Although internal hemorrhoids generally do not cause severe pain, there are some that can. These are known as incarcerated hemorrhoids. If internal hemorrhoids progress, they can cross the dentate line, move outside the anus, and become incarcerated hemorrhoids. These cannot go back inside the anus, form clots, swell to a large size, and cause severe pain.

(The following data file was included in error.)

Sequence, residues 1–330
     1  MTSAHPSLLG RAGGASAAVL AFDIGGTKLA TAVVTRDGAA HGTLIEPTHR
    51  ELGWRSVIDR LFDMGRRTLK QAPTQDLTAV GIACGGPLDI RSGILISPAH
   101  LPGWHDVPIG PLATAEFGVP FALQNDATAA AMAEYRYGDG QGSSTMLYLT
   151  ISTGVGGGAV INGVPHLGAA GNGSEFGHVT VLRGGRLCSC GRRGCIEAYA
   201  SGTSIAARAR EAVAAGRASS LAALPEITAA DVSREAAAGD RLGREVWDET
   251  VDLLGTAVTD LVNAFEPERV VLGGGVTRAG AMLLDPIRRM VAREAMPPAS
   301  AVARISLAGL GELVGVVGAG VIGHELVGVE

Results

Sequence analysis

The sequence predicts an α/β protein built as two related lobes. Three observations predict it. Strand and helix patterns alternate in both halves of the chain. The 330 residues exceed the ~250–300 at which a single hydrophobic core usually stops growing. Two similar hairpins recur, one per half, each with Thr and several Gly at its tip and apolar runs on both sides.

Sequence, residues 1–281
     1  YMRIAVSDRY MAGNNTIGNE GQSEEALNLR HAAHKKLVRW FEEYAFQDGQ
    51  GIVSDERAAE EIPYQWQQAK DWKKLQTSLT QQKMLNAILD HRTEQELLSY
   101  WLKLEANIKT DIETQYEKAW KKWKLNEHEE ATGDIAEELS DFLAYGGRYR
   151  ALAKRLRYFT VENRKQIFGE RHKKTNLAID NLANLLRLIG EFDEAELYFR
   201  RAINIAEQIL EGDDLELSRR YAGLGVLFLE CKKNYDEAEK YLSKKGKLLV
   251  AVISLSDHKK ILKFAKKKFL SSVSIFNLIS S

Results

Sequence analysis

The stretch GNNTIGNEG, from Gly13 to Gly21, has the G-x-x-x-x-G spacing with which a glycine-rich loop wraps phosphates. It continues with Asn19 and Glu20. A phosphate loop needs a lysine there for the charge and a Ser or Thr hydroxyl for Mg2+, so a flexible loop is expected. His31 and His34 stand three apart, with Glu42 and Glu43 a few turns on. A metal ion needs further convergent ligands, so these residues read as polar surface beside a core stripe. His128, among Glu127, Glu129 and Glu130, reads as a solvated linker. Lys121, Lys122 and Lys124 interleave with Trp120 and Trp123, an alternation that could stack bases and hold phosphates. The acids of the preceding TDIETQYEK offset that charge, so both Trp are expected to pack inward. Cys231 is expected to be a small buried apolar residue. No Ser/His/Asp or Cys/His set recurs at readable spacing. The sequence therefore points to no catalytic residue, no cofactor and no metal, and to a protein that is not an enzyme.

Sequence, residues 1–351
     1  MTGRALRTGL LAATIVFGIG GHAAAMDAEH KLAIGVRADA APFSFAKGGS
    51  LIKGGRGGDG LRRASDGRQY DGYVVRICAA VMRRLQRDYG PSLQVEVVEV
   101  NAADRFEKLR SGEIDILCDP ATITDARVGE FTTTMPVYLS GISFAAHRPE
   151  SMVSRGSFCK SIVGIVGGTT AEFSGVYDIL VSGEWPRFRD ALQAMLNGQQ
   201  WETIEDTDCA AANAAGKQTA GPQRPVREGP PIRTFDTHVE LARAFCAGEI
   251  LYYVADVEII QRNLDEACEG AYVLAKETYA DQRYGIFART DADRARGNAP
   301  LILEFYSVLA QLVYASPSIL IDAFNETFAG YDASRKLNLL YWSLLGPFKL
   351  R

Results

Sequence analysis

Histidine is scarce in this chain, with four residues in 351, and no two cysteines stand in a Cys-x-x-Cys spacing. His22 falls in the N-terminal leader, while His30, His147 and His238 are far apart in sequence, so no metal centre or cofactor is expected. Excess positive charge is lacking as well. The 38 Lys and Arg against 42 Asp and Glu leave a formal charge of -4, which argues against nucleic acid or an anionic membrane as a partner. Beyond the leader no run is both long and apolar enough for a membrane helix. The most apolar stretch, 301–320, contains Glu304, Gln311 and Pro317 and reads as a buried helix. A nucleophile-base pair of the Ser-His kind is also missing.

Incarcerated hemorrhoids do not require immediate surgery, but they do require emergency treatment, and must be treated at a hospital right away.
External thrombosed hemorrhoids
External thrombosed hemorrhoids are sudden thrombi (blood clots) around the anus, and cause severe pain. Although there is no need for immediate surgery, they should be treated at a hospital if the pain is strong or if symptoms continue for a long period of time.